They could save a lot more by cutting some unnecessary overhead, namely staff at corporate headquarters. The fact that they have hired superfluous staff including a corporate communications person a coo indicate that they do not have shareholders interests at heart. It should NOT be that hard to run a few motels especially when the day to day management is farmed out to management companies. Ridiculous and very happy I unloaded all common a long time ago. I keep thinking the assets are more valuable than indicated by stock price but with this bunch in charge shareholders will NEVER realize the hidden value in the motel assets.
There are probably not going to be any explanations that would give me enough confidence in the management and the board. It is my opinion that changes in both need to occur. Some new faces with a track record of turnarounds would be welcome.
Vote against every nominee for the board the next time that comes up. It is not binding. However, it will send a message if there are enough nay votes. But then there is the issue of whether they would care.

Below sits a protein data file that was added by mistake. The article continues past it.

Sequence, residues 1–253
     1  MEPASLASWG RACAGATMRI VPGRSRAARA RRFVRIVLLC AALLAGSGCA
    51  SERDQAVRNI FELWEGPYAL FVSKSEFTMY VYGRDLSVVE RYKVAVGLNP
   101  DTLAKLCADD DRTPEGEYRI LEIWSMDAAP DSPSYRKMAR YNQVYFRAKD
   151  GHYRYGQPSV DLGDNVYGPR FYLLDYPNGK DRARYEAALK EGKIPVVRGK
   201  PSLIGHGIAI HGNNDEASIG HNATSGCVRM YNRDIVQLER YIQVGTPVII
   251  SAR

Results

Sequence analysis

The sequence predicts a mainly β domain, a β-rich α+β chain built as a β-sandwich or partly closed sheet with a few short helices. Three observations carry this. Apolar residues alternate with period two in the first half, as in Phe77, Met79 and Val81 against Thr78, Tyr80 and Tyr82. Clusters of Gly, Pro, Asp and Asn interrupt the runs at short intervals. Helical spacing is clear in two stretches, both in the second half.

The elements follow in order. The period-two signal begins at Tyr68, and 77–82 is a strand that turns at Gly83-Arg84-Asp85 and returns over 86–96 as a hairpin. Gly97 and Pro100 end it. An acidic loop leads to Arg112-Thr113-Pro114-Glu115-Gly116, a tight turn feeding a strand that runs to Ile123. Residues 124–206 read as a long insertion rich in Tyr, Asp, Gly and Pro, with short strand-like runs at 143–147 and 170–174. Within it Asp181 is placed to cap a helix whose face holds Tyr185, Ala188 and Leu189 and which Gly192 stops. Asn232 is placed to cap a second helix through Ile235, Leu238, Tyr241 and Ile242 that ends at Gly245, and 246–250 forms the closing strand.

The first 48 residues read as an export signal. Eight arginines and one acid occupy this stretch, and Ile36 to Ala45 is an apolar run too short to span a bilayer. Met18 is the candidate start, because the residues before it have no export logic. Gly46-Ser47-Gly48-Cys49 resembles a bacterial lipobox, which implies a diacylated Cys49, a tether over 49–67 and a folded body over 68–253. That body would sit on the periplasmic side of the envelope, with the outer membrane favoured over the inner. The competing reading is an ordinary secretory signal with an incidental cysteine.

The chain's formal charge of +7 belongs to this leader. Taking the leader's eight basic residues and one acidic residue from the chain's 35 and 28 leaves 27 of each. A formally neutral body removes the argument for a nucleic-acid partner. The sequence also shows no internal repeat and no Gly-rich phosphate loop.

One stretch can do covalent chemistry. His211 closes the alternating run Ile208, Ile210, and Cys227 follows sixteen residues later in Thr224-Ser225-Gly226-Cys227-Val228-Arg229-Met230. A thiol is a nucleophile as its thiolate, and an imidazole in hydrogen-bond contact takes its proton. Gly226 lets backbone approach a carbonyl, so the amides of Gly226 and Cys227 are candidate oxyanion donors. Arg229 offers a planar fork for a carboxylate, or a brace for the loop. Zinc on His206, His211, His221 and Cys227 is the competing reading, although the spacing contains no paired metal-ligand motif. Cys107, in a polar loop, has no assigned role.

As a protest, I will vote against the board of directors and increasing compensation pacages the next time I get a ballot. The result is meaningless as they control what is on the ballot.
I expect the 2013 annual results to be published this month. I expect to hear some clear straight forward explanations from management what they are going to do about the common stock crashing from $6.00 on Oct 28, 2013 to $1.65 on Jan 31, 2014. Not to mention the preferred crashing 40%. The shareholders have taken quite a beating. Management --- what are you going to do to improve this situation? What is this $2M loan all about? Explain exactly why this loan is needed after cash was conserved by eliminating the preferred dividend. What is management doing to reduce costs? Now more cash wasted restating Q3 discontinued operations. Arrrrrg!